Big Girls Don't Cry review: A Gen Z, coming of age tale of sisterhood with a millennial beating heart!

Sakshi Sharma
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Big Girls Don't Cry

Big Girls Don't Cry

Big Girls Don't Cry review: With no huff and puff, this coming-of-age drama about girlhood is relatable and accurate but is too scattered to be memorable and impactful! 

Apart from Mismatched and Class, with TVF and Dice Media shows dominating the scene, it's hard to find a space in the hearts of the young audience with a relatable young adult show. Fortunately for Big Girls Don't Cry, aka BGDC, there still aren't enough stories out there that are focused on telling the tale of sisterhood or girls coming of age. Hence, even though the show doesn't find its firm footing, and is too simple for its heavy handed issues, it's a great start towards representing both onscreen! 

With seven episodes of 50 minutes each, BGDC is like a 'Four More Shots Please' version, without too much splash, glamor, drama, and sex. Mocking the usual cliche of teen shows, the show opens in Vandana Valley School with the trope of a new scholarship student in, Kavya Yadav (Vidushi) who comes from a poor background and she is dealing with high-class snobbish brats and trying to fit in with the system while rebelling against it. But this show quickly shifts gears and tells you that there is no single protagonist; everyone matters! 

This refreshing approach of multiple protagonists allows the show to focus on various themes and not one individualistic journey. The BGDC cool gang includes Leah Joseph aka Ludo (Avantika Vandanapu), the basketball champion dealing with her sexual identity as a lesbian, Noor Hassan (Afrah Sayed), the nerdy junior school captain dealing with the inherent islamophobia interfering with her future and Anandita aka Pluggy (Dalai), the failed chubby student, busy writing an erotica novel, dealing with her desperation of losing her virginity. Then there are the BFFs whose bond is stronger than glue - Roohi Ahuja (Aneet Pada), the funny joker and Jayashree Chetri (Tenzin Lhakliya), the royal princess, both escaping from dealing with their family issues. And, of course, Kavya, who is pretending to be someone else to fit in and run away from her social status. Apart from this gang, there's also Dia Mallik (Akshita Sood), the rebel who spouts poetry and fight against the system and patriarchy. 

Also Read: Showtime review: The series shows the good, bad and ugly inner workings of Bollywood behind closed doors but lacks soul

The show borrows from the girls' innocent naivety and curious 'first time' to paint a journey of growing up and learning; the first test of friendship when two best friends get involved in a love triangle, the first experience of having an accidental rendezvous with psychedelics, the disappointing realization that sex might not be as good as one imagines after doing it for the first time, realizing the cost of speaking and when to speak, the first time of finding you own voice and standing up for yourself. Like these, the show is filled with many more firsts. The simple touch of the show with no phones, social media, make up or exploitative sexual scenes is what makes the series win in telling a teen story without being too dark, dramatic, or loud. However, BGDC falters with a mixed-bag tonality and finding a solid connective tissue to bind the entire ensemble with many themes together. Random narrative plot points stitched together and the friendship amongst the gang seems to be a convenient option rather than a strong bond. Hence, while the show offers a good sisterhood representation, it doesn't feel wholesome.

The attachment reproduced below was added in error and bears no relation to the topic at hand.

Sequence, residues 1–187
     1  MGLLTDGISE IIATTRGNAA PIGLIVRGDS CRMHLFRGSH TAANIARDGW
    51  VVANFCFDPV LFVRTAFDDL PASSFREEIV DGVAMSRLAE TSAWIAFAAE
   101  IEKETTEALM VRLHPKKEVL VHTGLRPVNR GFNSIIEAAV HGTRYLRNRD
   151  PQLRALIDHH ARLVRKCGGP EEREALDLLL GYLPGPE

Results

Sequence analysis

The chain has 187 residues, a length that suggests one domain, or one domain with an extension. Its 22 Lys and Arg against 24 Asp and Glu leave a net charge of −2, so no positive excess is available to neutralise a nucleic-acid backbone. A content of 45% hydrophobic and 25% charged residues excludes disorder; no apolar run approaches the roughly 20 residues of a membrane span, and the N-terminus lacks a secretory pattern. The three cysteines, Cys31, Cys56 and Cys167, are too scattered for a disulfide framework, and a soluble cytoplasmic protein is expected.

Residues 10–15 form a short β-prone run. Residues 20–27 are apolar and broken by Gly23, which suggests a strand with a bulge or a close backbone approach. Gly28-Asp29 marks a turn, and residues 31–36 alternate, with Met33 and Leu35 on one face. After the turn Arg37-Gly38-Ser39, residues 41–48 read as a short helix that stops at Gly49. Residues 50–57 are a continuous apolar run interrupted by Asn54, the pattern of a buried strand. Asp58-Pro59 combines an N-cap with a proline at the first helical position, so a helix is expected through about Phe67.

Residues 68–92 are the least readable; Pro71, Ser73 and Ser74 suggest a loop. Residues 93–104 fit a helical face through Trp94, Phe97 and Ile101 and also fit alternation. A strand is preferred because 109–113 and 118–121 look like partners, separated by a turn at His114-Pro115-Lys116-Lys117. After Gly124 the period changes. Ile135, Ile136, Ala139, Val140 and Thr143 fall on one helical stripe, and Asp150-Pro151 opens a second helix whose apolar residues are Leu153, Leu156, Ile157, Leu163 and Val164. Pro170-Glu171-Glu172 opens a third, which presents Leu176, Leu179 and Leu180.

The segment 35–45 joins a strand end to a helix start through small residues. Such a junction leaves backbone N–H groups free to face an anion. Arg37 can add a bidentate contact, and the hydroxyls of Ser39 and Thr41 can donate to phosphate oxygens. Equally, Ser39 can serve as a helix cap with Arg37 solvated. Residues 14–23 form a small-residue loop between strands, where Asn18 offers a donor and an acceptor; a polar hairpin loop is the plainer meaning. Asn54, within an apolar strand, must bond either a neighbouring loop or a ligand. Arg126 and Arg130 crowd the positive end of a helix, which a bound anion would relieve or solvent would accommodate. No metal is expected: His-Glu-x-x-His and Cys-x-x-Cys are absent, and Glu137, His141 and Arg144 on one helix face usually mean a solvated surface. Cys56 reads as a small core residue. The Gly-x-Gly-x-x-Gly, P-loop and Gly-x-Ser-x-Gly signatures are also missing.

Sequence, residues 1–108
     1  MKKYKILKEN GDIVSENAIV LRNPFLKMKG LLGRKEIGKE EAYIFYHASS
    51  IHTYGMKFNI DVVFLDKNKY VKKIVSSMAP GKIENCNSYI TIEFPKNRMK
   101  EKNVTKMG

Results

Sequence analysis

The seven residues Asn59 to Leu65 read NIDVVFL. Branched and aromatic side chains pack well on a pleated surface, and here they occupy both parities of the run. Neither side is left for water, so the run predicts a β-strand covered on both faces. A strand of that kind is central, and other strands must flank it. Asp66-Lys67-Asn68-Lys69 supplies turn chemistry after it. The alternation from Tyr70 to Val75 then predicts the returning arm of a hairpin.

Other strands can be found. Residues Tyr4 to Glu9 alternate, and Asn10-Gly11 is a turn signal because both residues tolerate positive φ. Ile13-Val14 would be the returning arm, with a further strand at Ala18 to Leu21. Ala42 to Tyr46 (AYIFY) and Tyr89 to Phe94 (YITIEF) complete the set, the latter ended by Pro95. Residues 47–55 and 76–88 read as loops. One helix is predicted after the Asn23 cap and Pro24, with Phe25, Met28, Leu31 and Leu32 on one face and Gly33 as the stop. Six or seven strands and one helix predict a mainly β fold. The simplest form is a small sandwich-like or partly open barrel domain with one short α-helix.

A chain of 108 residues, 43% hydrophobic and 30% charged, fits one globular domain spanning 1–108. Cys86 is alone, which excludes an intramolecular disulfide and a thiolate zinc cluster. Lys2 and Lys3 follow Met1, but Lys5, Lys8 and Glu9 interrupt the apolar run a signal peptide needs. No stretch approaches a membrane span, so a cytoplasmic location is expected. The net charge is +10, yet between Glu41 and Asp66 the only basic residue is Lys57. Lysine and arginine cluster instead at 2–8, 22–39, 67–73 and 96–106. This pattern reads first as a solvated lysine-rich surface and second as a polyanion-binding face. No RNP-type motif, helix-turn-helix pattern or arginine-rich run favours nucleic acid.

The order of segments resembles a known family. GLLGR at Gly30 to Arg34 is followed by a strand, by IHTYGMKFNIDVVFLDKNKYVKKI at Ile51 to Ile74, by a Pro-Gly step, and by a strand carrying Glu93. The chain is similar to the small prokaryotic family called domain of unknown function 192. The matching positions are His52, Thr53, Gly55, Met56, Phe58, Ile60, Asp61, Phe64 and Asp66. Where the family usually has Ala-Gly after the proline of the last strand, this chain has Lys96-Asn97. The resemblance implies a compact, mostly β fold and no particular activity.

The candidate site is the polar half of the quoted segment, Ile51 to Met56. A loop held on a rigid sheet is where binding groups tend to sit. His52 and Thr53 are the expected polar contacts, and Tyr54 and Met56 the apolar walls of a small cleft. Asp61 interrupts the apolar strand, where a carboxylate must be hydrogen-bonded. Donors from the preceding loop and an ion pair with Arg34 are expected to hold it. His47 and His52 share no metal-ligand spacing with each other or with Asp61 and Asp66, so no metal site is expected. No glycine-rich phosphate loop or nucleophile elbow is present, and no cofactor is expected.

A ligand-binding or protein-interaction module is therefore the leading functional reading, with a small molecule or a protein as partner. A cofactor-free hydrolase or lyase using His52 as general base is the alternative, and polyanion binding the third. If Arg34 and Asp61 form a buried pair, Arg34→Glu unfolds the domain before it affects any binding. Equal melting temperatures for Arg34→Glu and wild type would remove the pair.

The atmosphere of this hostel drama and the attention to detail with which this world of VVS has been built clearly depicts that the writers knew the ins and outs of a convent girls hostel well enough. The different houses, a student body council running the school, a social event where girls and boys come together, and boys offer girls their neckties to make things official among them, a secret house with all the luxurious amenities like junk food, kettle, and more passed on between seniors and juniors, calling juniors ‘machchars’, and so much more takes you back in time.

Each character gives off main character's energy but with the attention being shared by everyone and not explored to their depth, it leaves you wanting their spin-off show. Pooja Bhatt's character where she plays a strict, grief-stricken principal (inspired by Mohabbatein's Amitabh Bachchan) seems more like a passing-by adult in a teen drama. And most adults in the show suffer from this unexplored, too much on their plate trope. The hill top hostel here is a metaphor for being a jail, trapping young girls by killing their own thinking and molding them all into suit-wearing, perfectly disciplined robots. But this and the ultimate message of the show about girls breaking free to fly high is all lost in this rather scattered mess. 

With some incredibly lovely songs, Nitya Mehra, along with Sudhanshu Saria, Karan Kapadia, and Kopal Naithani, and thoroughly expressive and dependable new faces have built a show that voices out the complicated teen life of Gen Z's with a beating heart of the time of millennials where things were a little simpler. But in the wake of taking a vanilla rainbow-colored, hopeful approach with some Gen Z slang and art, BGDC  forgot that the journey of learning that big girls don't cry to big girls actually do is far more profound than this. This drama with a few boys (what is a girl drama without a few boy crushes anyway) is a sweet-cute first step but there is a long road ahead!

Big Girls Don't Cry is currently streaming on Amazon Prime Video

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